Beta depicts the correlation between a particular stock’s price and the S&P 500 (“the market”), which are interpreted using the following guidelines.
- Beta = 1.0 → No Market Sensitivity
- Beta > 1.0 → High Market Sensitivity (i.e. More Risk)
- Beta < 1.0 → Less Market Sensitivity (i.e. Less Risk)
Implied Volatility (IV) vs Beta
The implied volatility and beta are both measurements of a stock’s volatility.
- The implied volatility is based on “forward-looking” investor sentiment surrounding the future price movements.
- Beta, on the other hand, is “backward-looking” and compares a stock price’s historical changes to changes in the broader market.
Volatility Index (VIX)
Uncertainty results in more volatility, and the prevailing market sentiment emerges in the prices of speculative financial instruments.
The Chicago Board Options Exchange (CBOE) created the Volatility Index (VIX) in 1993.
Since then, the VIX is one of the most frequently used to gauge market volatility and investor sentiment by market participants such as traders and investors.
The VIX estimates the S&P’s implied volatility by looking at the prices of options on the underlying equities tracked within a 30-day time frame, which is then annualized to determine a formal prediction.
The implied volatility attempts to quantify the volatility expectations by options traders (i.e. put and call options) – hence, the VIX is often referred to as the “fear index.”
Often, if the VIX is high, the stock prices in the market fall, and investors allocate more of their capital to fixed income securities (e.g. treasury bonds, corporate bonds) and “safe havens” like gold.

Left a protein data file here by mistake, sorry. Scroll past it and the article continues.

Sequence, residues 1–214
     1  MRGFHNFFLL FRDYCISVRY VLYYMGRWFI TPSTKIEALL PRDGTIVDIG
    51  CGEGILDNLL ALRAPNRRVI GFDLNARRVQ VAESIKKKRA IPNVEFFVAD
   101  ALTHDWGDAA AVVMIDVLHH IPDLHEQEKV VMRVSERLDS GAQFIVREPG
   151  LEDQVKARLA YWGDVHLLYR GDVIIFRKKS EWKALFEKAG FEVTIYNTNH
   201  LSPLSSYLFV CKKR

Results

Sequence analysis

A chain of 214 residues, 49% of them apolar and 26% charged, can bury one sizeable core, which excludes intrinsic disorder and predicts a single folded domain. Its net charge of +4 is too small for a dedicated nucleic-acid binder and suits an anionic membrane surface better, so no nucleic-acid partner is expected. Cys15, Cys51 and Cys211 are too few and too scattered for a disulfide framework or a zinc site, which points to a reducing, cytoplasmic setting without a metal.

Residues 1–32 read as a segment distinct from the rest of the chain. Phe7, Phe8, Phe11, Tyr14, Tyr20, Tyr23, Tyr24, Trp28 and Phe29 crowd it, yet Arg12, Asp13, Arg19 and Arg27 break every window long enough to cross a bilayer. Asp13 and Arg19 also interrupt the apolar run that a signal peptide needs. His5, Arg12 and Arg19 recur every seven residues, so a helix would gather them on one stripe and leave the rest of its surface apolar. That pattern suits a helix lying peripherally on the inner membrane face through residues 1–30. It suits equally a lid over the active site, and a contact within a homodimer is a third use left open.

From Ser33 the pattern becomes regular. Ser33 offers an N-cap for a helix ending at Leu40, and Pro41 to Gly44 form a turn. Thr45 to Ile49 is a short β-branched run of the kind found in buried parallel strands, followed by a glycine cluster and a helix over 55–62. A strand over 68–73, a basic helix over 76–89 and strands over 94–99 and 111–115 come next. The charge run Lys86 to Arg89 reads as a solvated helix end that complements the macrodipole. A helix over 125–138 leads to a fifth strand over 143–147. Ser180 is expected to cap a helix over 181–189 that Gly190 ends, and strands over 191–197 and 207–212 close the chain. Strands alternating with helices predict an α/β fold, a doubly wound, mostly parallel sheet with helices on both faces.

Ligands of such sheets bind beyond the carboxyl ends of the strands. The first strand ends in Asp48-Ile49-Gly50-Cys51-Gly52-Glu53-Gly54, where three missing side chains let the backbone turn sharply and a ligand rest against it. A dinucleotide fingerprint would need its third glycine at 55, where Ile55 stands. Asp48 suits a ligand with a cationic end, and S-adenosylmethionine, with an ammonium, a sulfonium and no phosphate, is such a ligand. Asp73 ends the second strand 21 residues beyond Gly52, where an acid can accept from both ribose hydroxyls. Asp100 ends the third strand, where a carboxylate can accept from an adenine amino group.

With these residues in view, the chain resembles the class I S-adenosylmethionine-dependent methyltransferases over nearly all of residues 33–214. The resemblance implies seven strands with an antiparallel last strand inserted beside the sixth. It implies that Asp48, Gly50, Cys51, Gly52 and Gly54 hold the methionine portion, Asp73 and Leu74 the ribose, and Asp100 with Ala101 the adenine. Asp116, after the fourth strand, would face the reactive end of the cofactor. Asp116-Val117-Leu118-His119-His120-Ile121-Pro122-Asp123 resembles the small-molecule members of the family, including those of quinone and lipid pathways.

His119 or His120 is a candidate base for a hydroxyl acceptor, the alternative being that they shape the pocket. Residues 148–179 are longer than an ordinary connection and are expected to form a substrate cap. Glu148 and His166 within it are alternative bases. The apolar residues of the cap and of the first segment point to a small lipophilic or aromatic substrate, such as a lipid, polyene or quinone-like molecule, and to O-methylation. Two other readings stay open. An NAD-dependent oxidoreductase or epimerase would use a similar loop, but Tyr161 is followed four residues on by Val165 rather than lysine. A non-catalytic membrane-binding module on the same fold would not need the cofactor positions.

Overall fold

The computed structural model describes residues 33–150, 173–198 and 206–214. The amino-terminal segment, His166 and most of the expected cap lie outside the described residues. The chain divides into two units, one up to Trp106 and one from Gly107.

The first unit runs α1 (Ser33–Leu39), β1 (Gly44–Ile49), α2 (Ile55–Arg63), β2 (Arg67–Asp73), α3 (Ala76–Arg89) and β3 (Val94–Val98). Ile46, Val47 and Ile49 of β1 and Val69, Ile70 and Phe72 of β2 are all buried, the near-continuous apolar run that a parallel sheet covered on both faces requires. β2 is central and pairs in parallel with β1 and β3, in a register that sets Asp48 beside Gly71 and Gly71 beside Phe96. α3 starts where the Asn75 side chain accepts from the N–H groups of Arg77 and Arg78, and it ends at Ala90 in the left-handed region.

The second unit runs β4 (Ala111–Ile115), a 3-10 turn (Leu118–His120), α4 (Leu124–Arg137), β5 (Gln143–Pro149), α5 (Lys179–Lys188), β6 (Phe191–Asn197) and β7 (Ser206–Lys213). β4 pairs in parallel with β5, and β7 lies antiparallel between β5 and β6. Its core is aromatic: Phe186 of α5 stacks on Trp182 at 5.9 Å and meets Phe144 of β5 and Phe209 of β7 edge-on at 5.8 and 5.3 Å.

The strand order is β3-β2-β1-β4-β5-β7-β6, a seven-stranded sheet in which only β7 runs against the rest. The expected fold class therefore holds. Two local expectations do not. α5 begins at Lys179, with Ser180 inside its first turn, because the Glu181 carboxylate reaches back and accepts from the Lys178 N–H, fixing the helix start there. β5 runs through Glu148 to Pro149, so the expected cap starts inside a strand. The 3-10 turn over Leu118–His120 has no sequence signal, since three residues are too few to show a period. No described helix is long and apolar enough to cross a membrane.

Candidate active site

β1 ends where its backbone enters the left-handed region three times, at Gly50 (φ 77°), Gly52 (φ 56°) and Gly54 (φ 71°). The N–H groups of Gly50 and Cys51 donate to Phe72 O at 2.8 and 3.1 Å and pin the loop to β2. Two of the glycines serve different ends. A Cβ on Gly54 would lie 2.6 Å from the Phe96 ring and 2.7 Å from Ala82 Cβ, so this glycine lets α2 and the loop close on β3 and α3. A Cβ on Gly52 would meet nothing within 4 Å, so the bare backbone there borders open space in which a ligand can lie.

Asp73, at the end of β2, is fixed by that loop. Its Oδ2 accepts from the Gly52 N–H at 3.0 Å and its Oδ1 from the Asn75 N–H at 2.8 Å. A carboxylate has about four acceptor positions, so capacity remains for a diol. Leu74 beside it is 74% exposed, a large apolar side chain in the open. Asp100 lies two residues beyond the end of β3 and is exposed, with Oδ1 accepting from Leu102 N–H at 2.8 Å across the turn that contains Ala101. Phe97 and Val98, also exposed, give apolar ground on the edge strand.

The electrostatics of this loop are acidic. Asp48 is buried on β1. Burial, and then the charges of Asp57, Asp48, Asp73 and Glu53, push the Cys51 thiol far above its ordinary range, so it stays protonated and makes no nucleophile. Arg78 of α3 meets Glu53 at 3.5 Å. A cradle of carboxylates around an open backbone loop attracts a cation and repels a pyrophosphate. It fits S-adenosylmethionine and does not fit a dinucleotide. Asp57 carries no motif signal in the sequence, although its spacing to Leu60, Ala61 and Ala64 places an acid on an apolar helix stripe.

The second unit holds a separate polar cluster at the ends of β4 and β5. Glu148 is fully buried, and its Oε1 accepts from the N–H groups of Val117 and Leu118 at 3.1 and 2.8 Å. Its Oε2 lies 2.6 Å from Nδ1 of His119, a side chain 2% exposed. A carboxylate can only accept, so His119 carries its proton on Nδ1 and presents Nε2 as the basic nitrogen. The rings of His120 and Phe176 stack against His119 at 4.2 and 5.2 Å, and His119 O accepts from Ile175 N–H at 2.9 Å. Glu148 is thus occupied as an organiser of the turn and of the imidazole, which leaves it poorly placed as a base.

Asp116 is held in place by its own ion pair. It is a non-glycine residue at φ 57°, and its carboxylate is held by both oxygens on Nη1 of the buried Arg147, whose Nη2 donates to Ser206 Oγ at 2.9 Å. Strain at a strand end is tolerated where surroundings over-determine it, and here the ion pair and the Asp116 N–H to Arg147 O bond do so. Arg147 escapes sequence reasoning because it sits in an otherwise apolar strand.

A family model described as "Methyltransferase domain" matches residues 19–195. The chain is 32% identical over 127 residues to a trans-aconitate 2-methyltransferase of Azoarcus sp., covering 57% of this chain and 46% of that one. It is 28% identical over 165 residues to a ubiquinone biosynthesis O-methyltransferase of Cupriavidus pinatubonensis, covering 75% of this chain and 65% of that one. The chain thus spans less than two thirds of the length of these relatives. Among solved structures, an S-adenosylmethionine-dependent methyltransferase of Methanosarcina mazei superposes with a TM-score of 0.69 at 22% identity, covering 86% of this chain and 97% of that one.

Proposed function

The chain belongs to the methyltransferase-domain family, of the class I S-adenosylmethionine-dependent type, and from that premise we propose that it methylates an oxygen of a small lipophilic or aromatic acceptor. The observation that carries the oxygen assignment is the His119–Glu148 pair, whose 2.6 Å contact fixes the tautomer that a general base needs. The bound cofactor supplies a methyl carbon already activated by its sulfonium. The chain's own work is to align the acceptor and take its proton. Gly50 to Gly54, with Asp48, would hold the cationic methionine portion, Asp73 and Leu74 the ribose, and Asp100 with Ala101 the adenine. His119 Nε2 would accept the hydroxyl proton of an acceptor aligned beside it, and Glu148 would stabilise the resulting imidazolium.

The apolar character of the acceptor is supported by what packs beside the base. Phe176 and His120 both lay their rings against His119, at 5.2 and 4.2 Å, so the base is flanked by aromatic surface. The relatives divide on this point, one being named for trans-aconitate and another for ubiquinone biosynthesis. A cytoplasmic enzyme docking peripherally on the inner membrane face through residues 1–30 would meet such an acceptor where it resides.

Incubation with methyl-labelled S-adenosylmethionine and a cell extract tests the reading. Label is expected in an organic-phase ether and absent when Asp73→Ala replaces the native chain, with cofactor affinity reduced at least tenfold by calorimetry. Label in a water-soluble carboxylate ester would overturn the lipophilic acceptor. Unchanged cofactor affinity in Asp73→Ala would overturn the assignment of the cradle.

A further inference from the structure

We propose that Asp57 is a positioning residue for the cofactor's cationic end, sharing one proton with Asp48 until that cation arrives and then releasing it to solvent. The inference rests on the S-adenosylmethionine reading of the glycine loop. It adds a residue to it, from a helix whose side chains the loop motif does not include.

CBOE VIX Chart
For example, the impact of the COVID pandemic in early 2020 (i.e. the sudden spike) can clearly be seen in the VIX chart below.
CBOE VIX Chart (Source: CNBC)
For instance, leading up to a company’s earnings report, the implied volatility increases substantially (i.e. options activity and variance), especially for high-growth equities.
The implied volatility can be derived by looking at the pricing of options, with the general rules of thumb listed below:
- If options prices have risen, investors are implied to be expecting sharp movements in prices.
- If options prices have declined, investors are implied to be expecting less movements in prices.
Volatility is not inherently a negative sign for investors, but investors must still understand that the potential for outsized returns comes at the cost of incurring significant losses.